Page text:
• Be Proportionate: The force to be used must be proportionate to the evil to combat. The evil done by the war must never be more than the evil being combated.
• Under right and competent authority: War can only be declared and waged by a legitimate authority. Legitimate authorities are governments recognized as having political and social authority as well as representing the interests and welfare of their citizens.
Revelation 19:26-32 describes an image of Jesus fighting for humanity. This image indicates that fighting is a part of the story of Jesus. This text can be used as an argument by just war supporters that war can sometimes be necessary to establish peace. Pacifists reject this idea. They often use Luke 6:27-31 to argue that Jesus teaches pacifism.Exercise 5
Compare the concepts of “pacifism,” “just war,” and “holy war. How do the three concepts differ and how do they correspond?
Adherents of both pacifism and just war do ultimately work toward the same goal. Indeed, both positions strive for just peace.
In the Bible, the word peace does not only mean the absence of strife, but it can also be used to refer to the well-being of a person or society. In fact, the Hebrew word “shalom” means, besides peace, completeness. Peace can thus also be described as the situation in which everyone can completely live in peace and with a sense of security. A peace that exists in combination with justice and fairness is also called just peace.Exercise 6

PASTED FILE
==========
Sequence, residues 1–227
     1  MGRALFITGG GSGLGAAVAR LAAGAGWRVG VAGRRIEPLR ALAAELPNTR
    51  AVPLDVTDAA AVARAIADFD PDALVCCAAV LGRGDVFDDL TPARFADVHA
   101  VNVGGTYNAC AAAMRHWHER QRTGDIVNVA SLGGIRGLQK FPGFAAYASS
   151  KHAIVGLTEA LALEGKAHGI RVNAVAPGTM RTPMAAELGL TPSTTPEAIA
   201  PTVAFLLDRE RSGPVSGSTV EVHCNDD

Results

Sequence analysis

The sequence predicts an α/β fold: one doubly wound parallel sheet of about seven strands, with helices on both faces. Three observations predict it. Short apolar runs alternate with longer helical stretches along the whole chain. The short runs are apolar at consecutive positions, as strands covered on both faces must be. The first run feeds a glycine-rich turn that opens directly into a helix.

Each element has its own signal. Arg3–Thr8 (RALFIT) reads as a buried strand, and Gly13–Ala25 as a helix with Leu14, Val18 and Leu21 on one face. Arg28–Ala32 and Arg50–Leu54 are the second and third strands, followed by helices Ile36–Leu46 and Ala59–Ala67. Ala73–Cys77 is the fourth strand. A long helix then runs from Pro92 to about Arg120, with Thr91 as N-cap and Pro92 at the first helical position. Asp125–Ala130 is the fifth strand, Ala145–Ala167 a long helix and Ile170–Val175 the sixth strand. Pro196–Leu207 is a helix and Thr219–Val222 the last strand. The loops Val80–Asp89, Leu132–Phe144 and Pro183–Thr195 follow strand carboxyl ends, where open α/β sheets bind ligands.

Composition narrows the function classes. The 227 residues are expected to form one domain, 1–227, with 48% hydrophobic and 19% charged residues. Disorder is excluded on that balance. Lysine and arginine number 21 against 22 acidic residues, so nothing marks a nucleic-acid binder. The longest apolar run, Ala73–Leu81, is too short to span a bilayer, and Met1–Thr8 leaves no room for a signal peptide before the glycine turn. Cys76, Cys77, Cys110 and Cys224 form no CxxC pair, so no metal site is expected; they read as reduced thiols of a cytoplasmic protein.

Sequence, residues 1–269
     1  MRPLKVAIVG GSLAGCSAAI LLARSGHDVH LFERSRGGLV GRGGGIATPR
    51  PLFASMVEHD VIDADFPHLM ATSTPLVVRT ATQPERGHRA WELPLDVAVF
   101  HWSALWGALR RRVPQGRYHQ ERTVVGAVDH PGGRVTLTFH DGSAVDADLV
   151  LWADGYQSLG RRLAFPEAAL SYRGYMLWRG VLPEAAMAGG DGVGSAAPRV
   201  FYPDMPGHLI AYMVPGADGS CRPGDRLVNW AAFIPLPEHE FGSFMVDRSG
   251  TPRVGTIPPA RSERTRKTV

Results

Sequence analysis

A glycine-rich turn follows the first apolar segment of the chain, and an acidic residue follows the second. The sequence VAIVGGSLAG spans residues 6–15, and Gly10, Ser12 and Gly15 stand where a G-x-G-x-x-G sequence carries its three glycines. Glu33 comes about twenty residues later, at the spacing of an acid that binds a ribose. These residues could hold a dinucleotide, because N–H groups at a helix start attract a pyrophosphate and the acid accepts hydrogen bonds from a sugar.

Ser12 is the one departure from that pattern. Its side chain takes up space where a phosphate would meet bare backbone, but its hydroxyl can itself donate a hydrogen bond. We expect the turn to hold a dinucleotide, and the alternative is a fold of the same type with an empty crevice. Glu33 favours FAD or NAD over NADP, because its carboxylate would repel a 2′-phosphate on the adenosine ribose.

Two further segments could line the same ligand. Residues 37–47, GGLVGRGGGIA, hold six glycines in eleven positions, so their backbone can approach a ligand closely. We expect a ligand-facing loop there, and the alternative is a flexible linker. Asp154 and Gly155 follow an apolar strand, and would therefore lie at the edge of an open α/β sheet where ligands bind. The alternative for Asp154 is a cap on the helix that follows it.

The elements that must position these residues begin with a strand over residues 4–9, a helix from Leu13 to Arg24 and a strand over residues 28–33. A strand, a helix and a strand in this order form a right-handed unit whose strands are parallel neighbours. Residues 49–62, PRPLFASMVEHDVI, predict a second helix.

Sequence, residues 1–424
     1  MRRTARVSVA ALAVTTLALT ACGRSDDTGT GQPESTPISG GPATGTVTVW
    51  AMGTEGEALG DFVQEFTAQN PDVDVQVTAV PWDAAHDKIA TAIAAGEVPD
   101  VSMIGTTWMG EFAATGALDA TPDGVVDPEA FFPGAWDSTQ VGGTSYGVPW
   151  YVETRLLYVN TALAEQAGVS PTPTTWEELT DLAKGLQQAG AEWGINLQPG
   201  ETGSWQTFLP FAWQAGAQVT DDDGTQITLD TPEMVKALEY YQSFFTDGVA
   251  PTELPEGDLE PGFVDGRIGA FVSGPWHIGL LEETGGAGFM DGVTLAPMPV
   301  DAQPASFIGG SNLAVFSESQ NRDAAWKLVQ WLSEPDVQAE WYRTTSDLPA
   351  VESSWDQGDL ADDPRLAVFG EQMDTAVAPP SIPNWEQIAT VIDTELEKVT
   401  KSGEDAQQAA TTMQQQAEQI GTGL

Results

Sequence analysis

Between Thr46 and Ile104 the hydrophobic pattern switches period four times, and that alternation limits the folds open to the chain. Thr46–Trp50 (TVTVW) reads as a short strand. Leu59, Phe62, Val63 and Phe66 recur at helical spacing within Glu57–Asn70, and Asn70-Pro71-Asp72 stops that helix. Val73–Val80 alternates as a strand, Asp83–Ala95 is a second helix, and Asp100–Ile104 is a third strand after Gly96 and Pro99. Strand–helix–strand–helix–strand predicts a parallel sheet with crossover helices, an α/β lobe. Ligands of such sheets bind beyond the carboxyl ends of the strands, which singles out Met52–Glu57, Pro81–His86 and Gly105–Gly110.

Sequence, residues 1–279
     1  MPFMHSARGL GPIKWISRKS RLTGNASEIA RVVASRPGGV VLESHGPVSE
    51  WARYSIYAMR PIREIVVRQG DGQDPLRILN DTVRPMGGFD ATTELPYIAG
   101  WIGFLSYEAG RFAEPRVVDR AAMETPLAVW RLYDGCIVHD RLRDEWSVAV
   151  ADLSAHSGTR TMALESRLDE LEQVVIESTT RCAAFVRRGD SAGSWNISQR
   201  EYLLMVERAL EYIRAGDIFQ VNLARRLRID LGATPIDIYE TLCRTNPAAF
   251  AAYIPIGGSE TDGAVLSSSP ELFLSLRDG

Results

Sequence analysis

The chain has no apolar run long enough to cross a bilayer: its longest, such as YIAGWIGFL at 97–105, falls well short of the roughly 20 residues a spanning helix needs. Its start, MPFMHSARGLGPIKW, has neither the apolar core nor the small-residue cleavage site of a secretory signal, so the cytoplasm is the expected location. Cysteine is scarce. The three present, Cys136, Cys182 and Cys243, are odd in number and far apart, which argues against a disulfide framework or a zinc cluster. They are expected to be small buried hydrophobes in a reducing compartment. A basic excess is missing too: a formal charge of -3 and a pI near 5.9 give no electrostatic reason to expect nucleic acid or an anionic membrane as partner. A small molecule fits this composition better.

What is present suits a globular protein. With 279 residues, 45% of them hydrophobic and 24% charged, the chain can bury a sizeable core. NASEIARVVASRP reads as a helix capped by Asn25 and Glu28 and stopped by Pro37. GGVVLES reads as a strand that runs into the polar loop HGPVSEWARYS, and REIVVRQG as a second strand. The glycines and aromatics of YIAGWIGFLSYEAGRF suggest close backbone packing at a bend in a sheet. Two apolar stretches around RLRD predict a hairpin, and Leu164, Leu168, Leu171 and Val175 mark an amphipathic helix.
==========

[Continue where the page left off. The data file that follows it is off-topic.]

What would just peace look like in today’s world?Exercise 7
What can you do to ensure peace?
Throughout history, Christians have thought about wars, armed conflicts, and peace. Several Protestant thinkers have developed their views on this issue. The ideas of four of these thinkers are briefly explained below.
Dietrich Bonhoeffer Dietrich Bonhoeffer said that the primary goal of the Christian life is to follow Jesus at all costs. It is not without risk for a person to follow Jesus, and one must also be prepared to experience the consequences of doing so. This person thus accepts oppression and violence while not resisting it violently. According to Bonhoeffer, resisting with violence can actually cause more harm than good. It was also his opinion that Christians should not participate in war as the Christian community should not take part in politics.